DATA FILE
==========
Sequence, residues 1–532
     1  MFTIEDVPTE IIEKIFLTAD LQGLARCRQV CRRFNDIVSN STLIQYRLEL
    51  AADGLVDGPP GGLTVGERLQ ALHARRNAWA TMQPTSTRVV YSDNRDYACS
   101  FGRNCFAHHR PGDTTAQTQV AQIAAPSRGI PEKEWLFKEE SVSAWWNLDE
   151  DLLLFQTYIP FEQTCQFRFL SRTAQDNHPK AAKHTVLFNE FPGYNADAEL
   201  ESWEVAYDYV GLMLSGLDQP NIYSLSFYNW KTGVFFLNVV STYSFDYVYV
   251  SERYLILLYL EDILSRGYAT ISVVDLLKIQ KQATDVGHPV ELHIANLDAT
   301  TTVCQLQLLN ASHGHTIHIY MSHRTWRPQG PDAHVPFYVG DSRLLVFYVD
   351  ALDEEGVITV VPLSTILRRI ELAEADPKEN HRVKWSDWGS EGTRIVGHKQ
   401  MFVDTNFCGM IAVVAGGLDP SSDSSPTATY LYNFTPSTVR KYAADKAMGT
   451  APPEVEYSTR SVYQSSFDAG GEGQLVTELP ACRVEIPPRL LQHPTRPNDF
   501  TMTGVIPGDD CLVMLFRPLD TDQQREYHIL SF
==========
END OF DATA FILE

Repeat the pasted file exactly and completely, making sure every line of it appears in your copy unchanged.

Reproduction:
Sequence, residues 1–532
     1  MFTIEDVPTE IIEKIFLTAD LQGLARCRQV CRRFNDIVSN STLIQYRLEL
    51  AADGLVDGPP GGLTVGERLQ ALHARRNAWA TMQPTSTRVV YSDNRDYACS
   101  FGRNCFAHHR PGDTTAQTQV AQIAAPSRGI PEKEWLFKEE SVSAWWNLDE
   151  DLLLFQTYIP FEQTCQFRFL SRTAQDNHPK AAKHTVLFNE FPGYNADAEL
   201  ESWEVAYDYV GLMLSGLDQP NIYSLSFYNW KTGVFFLNVV STYSFDYVYV
   251  SERYLILLYL EDILSRGYAT ISVVDLLKIQ KQATDVGHPV ELHIANLDAT
   301  TTVCQLQLLN ASHGHTIHIY MSHRTWRPQG PDAHVPFYVG DSRLLVFYVD
   351  ALDEEGVITV VPLSTILRRI ELAEADPKEN HRVKWSDWGS EGTRIVGHKQ
   401  MFVDTNFCGM IAVVAGGLDP SSDSSPTATY LYNFTPSTVR KYAADKAMGT
   451  APPEVEYSTR SVYQSSFDAG GEGQLVTELP ACRVEIPPRL LQHPTRPNDF
   501  TMTGVIPGDD CLVMLFRPLD TDQQREYHIL SF